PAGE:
The latest dairy cow study has never been more exciting from
The Dairy Industry is growing fast because some of the dairy
farms are using latest technologies. These verities of technologies are planned
to increase effectiveness and better cow management; along with increasing farm
profitability and productivity.
However the latest research paper is a simple as can be, now
I know a lot of progressive farmers would say well we knew that any way, I can
assure some farmers are not and have never been aware and to publish a paper to
reiterate that a study undertaken can have a valued result on you cows and milk
So what’s it all about, it’s quite simple keep the routine consistent
keep cow’s calm, adrenalin secretion prior to milk harvesting blocks milk
release and reduces yield
The study found that a consistent routine will aid good let down,
oxytocin release and calm cows increased yield up to 20 %
Bimodal milking is poor milking efficiency, cows that were
excited and in fear, figures showed a reduction in milk yield.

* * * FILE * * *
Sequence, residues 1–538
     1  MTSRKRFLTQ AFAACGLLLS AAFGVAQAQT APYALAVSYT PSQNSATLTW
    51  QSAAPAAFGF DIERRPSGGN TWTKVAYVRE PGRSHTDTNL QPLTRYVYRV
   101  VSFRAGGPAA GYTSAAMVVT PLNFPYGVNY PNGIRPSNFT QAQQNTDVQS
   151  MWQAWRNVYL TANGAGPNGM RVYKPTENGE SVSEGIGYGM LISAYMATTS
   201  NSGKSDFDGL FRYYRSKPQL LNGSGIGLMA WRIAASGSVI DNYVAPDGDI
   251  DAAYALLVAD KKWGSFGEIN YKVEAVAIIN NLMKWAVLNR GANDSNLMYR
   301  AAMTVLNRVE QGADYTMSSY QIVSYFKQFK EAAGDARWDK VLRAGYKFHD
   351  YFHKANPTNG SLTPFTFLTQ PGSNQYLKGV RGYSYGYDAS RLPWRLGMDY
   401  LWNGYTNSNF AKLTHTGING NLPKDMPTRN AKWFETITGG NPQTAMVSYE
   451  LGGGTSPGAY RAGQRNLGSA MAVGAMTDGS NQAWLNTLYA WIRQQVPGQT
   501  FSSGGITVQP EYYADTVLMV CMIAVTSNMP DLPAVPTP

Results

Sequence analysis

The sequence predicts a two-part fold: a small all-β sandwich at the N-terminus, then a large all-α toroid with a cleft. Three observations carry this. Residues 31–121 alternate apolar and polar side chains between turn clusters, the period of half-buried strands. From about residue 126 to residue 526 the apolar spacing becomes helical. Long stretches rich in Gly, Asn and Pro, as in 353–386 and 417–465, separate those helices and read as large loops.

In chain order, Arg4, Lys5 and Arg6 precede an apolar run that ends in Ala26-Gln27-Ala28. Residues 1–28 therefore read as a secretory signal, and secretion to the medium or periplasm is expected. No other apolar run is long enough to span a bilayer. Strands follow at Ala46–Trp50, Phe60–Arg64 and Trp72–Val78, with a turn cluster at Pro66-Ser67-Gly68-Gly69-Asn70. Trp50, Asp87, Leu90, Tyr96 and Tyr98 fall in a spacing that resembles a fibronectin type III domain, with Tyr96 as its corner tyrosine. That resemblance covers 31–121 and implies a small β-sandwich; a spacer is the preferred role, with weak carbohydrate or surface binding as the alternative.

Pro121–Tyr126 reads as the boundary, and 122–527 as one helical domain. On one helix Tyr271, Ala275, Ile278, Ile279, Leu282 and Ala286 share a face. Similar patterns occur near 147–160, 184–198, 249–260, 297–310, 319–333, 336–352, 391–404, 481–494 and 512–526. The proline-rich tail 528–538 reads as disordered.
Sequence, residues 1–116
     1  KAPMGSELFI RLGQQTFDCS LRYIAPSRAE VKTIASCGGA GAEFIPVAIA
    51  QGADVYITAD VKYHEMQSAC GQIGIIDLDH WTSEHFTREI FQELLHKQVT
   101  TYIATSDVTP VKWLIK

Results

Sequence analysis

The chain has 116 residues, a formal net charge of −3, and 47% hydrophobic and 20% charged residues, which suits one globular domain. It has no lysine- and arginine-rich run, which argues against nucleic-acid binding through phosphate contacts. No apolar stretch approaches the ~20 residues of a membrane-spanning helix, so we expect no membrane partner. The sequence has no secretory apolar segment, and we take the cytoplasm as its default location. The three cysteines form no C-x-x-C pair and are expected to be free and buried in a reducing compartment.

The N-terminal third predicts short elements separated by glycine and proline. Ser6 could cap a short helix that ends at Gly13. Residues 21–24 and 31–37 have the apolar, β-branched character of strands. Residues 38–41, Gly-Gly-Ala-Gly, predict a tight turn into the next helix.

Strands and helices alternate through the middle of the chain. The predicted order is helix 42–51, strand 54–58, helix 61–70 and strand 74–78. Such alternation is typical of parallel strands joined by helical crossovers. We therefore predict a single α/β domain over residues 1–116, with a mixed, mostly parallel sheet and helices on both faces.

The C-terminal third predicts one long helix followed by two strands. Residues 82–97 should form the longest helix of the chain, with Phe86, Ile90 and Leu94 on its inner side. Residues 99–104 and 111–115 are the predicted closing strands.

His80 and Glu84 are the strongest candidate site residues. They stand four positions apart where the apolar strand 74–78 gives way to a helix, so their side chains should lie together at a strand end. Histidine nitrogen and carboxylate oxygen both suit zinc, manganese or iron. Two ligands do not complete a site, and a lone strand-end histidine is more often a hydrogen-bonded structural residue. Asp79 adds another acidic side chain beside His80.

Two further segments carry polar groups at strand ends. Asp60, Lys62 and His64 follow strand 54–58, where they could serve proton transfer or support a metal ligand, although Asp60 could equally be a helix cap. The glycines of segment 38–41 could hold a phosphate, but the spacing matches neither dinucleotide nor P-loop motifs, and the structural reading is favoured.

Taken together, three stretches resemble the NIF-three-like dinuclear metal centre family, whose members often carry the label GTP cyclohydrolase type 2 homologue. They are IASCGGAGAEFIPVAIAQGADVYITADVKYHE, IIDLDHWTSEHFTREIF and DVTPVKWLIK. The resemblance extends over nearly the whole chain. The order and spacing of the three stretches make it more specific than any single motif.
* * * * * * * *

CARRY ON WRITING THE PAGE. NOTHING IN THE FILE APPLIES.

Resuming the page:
So keeping your cows calm stress free increases milk production,
why not give it a try, create an optimal milking environment
Cows are a creature of habit consistency is the key trying
to hurry and exciting cows has a detrimental effect on milk harvesting.
The study focused on the milkers, cow entry and cow exit
The study showed that different preparation resulted in poor
let down different milkers with different attitudes affected milk harvest,
shouting and whistling affected cow entry
Forcing cows into the milking parlour
And forcing cows out had an impact on cow stress.
The milking equipment was checked and adjusted to cause as
little distress and pain.
Milking systems have progressed over the years with the
introduction of new technology and automation however the principle of milk
removal from the teat has changed very little
This has provided the dairy farmer with improvements in
productivity by reducing the labour involved in the milking process.
Unfortunately there are some basic functional problems with the milking
equipment that causes poor milking performance and reduced milk quality.